The Myth: We Can/Should Make Building Robots Easy

Don’t Promote Myths: “What if everyone could do robotics? That would be great, right? We should make a [robot] that [anyone] can program.”


And my favorite part of the whole post:

Talk about deja-vu !

I still have my domain just in case I need to renew the certificate so I can restart work on my New Remote Camera Robot project.

What’s that about, you say?

Surely you didn’t forget the “stupid bullshit” requirement that you have to have a real, payware, traceable to a REAL root Certificate Authority, site certificate to even THINK about using a joystick/gamepad in a web page, right?  And even if Comodo’s certificates are considerably less expensive than, say, Verisign’s certificates - they’re still not free, and you need to arrange a “me@site’s-name” e-mail to get a certificate, regardless of price.

Arranging a “me@site’s-name” e-mail address often isn’t free either, so - for the hobbyist/experimenter who just wants to have fun with a robot - the browser companies have erected a huge barrier to entry for everyone except the big money businesses who have the spare cash to fund stuff like this.  Or, idiots like myself who got soooo peeved off that they went and spent the money for a certificate and e-mail domain just to have it in their eye!  (And who stomped all over them in the browser dev forums because it’s so stupid.)

As for me?

I’m still trying to find out what part of installing what libraries for which display module suddenly causes my robot to not be able to resolve DNS queries anymore.

THREE different display modules on THREE different SD cards, and ALL of them, eventually, go DNS brain-dead after which NOTHING can fix things except a total re-flash back to the base GPGOS 3.0.3 image.


I’ve mentioned this in earlier posts of mine.  Actually, I think I mentioned it in some of my earliest posts:  Whenever you see an advertisement or web page that talks about how easy robots are, you should stand up and shout BULLSHIT!!!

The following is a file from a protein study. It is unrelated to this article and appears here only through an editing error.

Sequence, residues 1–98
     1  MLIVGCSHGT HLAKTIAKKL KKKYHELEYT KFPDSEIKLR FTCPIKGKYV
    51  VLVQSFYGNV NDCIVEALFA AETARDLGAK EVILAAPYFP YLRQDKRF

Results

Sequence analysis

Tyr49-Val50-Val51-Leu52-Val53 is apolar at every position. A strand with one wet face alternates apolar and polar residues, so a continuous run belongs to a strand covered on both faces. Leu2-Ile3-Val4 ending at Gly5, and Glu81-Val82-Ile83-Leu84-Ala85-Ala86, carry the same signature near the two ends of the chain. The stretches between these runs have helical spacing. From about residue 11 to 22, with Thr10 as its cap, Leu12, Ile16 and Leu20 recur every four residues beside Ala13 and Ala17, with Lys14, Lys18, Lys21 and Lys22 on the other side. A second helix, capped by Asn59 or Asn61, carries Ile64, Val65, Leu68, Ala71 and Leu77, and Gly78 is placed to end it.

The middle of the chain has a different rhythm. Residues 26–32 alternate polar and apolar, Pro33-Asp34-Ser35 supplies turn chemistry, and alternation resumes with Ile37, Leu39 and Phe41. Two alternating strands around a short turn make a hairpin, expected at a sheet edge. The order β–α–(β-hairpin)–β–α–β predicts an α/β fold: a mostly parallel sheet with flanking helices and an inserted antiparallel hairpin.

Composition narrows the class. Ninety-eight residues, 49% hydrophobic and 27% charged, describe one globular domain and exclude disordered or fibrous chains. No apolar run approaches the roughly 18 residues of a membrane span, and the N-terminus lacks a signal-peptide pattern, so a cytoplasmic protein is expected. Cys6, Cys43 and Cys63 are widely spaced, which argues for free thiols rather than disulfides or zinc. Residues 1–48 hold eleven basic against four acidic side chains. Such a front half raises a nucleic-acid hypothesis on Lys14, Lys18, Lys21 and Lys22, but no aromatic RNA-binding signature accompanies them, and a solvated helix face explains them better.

Because, (as the man said), simply defining what a “robot” is, and what is meant by “programming” this robot, generates a hugely undefined solution space where in the back of my mind someone yells out “Third Base!” [1]


The illustration just slays me! :rofl:


  1. Who’s On First?  <= click here to see the skit on YouTube
    (Abbot and Costello)
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That’s limited by what I am going to call “the programming triangle”:

  • Broad capabilities
  • Easy to use
  • Easy to learn

Pick any two.

The closest we have to “a robot that anyone can program” is either the GoPiGo using Bloxter or any other robot with a similar interface:  (i.e.  Things like the GiggleBot and other micro:bit/make:code based robots.)

The downside is that the range of capabilities is necessarily limited.

Easy to learn, with broad capabilities won’t be easy to use and conversely, broad capabilities that are “easily” used will be difficult to learn.

That’s just the way it is.

Programming is a skill in and of itself and any specialized programming domain, (games, robots, databases, operating systems, etc.), requires a particular skill unique to that specific domain.

“Easy” robotics?  Bloxter and make:code are simplistic robot programming environments.

“Easy” game development?  Kodu Game Lab[1] and Scratch/Squeak can be used to make simple games.


Each of these required significant skills to create and it still doesn’t absolve the user from having to know how to program.

In sum, we can make robotics, gaming, etc. (somewhat) easy, so long as we’re willing to accept that the capabilities will be limited and the user is still going to have a basic grasp of the fundamentals of programming.

Magic wands don’t exist yet and silver bullets are way too expensive. :wink:


  1. I downloaded the Kodu Game Lab to my laptop and I discovered, (somewhat anticlimacticly), that it’s NOT as easy as they make it out to be.
    There are a lot of hidden right-and-left-click menus that are NOT obvious to the rank beginner.  So much so that when you first join, you are “encouraged” to “load” one if several pre-programmed “worlds” that are actually tutorials on how to navigate the totally non-intuitive Kodu world.
    Frankly, Bloxter is easier.
    The one saving grace is that the Kodu character itself is essentially a “virtual robot/robots”, (any object in the Kodu world can be programmed to be an autonomous device, not just the Kodu character), in a user-defined world where both the world(s) and robot(s) can have increasingly advanced characteristics as the user’s programming skills improves.
    Kiddies, there’s no free lunch!
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